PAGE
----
A weekly roundup of some of the more interesting and helpful personal finance articles I’ve read recently.
Four ways to avoid raising spoiled monsters (Reuters). How a little tough love can pay dividends.
Does your kid need an IRA? (Wise Bread). The author of this one seems somewhat suspect, but the advice is solid.
What if you sold 10 percent of Apple in 1976, like co-founder Ronald Wayne did? (Washington Post). Lessons from the sad saga of Apple’s third co-founder.
Some online bargains may only look like one (NY Times). Learning to be wary of that “largely fictitious concept” known as “list price,” and why it pays to comparison shop.
At Purdue, student aid based on future earnings could revolutionize college debt (Washington Post). Some call it a form of indentured servitude. Others call it creative financing. What’s your take?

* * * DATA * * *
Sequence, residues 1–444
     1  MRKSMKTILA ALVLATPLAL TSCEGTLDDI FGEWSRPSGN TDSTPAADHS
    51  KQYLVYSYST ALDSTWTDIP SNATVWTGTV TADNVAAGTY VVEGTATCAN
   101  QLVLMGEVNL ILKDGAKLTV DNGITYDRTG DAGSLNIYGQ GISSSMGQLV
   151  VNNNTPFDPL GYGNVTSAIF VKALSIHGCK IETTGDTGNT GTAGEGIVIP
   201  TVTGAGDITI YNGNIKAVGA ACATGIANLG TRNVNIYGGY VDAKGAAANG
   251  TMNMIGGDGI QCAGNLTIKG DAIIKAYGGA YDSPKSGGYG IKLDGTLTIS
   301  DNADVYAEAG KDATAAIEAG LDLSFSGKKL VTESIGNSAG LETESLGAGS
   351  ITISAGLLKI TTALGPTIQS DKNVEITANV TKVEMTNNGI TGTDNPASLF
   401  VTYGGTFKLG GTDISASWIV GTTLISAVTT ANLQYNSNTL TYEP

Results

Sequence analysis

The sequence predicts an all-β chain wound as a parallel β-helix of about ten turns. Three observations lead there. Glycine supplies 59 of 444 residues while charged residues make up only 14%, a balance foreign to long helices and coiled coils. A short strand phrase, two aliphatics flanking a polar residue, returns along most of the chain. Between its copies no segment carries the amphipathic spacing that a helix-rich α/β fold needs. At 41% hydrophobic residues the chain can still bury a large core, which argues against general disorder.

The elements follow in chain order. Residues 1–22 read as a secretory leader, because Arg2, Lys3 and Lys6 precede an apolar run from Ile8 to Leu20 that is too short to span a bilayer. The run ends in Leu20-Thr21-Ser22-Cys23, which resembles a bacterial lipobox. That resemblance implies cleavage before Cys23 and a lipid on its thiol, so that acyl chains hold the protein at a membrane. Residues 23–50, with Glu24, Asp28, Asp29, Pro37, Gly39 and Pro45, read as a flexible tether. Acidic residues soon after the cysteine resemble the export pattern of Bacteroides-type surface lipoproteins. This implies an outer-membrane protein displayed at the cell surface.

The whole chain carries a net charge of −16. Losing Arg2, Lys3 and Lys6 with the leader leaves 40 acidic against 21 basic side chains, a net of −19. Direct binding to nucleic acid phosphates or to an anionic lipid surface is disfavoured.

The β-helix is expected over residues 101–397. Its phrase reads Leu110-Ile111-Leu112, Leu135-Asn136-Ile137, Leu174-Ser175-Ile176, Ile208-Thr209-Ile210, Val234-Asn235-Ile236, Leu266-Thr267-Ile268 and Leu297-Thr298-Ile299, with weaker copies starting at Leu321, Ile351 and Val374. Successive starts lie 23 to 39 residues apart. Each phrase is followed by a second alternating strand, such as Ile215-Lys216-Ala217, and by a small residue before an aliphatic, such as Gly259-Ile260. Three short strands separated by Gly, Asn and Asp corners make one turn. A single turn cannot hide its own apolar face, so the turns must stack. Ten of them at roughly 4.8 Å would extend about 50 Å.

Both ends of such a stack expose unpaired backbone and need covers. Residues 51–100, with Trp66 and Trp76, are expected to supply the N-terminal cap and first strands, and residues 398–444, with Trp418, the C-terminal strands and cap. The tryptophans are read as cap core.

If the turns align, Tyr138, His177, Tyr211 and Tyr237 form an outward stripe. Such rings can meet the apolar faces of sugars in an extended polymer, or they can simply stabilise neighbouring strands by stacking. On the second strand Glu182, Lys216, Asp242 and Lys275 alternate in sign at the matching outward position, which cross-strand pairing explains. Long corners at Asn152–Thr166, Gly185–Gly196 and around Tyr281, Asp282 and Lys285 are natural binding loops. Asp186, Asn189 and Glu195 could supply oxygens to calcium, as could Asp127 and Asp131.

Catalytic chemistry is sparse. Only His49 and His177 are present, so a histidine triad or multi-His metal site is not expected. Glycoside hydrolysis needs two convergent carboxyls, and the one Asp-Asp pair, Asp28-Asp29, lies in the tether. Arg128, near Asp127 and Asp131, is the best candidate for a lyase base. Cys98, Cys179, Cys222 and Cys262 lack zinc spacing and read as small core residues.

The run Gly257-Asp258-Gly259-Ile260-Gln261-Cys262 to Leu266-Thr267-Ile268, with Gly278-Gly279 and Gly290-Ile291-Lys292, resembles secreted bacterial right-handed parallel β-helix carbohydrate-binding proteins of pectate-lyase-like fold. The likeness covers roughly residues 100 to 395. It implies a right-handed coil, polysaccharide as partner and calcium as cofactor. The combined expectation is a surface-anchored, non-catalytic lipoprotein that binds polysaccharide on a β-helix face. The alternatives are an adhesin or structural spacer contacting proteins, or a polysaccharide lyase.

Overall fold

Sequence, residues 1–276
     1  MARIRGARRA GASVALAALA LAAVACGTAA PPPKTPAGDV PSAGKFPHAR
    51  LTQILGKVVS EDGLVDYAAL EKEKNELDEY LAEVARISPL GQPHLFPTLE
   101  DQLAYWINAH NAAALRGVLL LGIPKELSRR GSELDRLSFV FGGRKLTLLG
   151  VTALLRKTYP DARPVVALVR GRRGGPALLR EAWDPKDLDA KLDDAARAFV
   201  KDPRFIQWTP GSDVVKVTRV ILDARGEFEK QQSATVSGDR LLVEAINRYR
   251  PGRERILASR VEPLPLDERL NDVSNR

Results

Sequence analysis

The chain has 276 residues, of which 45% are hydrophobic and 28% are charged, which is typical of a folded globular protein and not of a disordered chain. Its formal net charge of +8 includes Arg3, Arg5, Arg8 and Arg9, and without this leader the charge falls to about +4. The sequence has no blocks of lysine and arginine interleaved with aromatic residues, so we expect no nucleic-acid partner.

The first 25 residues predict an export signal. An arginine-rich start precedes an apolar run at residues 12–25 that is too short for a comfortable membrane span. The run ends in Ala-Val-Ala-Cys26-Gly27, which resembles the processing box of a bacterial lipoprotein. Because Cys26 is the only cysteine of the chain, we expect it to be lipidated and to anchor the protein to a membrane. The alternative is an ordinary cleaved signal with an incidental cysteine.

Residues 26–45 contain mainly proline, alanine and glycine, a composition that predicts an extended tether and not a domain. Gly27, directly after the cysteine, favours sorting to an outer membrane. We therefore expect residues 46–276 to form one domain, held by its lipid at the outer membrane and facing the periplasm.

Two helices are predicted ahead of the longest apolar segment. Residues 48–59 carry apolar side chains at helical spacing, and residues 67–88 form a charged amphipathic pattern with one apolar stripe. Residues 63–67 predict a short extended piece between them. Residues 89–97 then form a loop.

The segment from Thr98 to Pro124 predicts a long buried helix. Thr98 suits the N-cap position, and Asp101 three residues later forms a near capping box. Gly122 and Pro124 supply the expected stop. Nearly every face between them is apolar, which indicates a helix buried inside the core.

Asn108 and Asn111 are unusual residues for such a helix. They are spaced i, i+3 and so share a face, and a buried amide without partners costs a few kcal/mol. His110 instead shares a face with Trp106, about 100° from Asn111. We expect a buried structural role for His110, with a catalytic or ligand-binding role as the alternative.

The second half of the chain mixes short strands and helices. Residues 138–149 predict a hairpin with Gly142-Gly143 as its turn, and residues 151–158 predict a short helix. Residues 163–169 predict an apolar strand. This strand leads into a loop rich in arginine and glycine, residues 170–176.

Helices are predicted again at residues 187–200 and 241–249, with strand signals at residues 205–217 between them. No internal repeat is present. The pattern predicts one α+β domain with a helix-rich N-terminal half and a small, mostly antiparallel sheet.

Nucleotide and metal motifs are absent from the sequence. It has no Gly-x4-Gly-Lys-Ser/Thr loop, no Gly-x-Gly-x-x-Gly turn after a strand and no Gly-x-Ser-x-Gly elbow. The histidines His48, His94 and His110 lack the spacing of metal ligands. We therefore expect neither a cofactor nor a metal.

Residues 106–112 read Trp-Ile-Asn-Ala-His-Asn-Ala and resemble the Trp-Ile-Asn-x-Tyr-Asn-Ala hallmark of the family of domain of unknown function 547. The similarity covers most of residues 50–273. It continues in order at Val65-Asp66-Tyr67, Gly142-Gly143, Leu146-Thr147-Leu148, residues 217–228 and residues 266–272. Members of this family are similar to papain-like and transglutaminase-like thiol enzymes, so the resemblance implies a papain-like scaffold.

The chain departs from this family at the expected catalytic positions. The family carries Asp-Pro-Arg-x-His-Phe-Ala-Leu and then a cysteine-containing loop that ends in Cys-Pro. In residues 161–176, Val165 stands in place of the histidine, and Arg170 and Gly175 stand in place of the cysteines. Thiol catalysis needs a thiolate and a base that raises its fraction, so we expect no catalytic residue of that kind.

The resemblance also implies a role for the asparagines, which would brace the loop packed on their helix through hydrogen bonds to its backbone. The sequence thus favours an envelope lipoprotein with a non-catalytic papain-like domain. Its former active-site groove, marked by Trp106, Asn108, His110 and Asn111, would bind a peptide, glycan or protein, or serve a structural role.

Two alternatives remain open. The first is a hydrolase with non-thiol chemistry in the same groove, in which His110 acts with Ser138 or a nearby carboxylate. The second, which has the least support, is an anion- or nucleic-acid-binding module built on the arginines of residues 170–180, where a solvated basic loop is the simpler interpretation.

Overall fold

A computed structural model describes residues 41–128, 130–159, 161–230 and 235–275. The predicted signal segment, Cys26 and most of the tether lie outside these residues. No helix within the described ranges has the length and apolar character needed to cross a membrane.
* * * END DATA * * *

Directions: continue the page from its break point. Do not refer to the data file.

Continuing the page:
When your dream school accepts you (but only online) (Fast Company). Online education was supposed to be a game-changer. So far, it’s a mixed bag.
The secret shame of middle-class Americans (The Atlantic). This article is getting lots of play on social media. There’s a lot to think about here, but what stands out to me is the need to honestly assess whether our use of money (and the image we project as a result) is in synch with the truth of our financial situation. It’s a lot less stressful—and less expensive—to keep the two in synch.
Having a pilgrim mentality about money and possessions (Eternal Perspective Ministries). Living out the biblical call to travel light.
To ask questions or give feedback about any of the above articles, meet me in the comments section.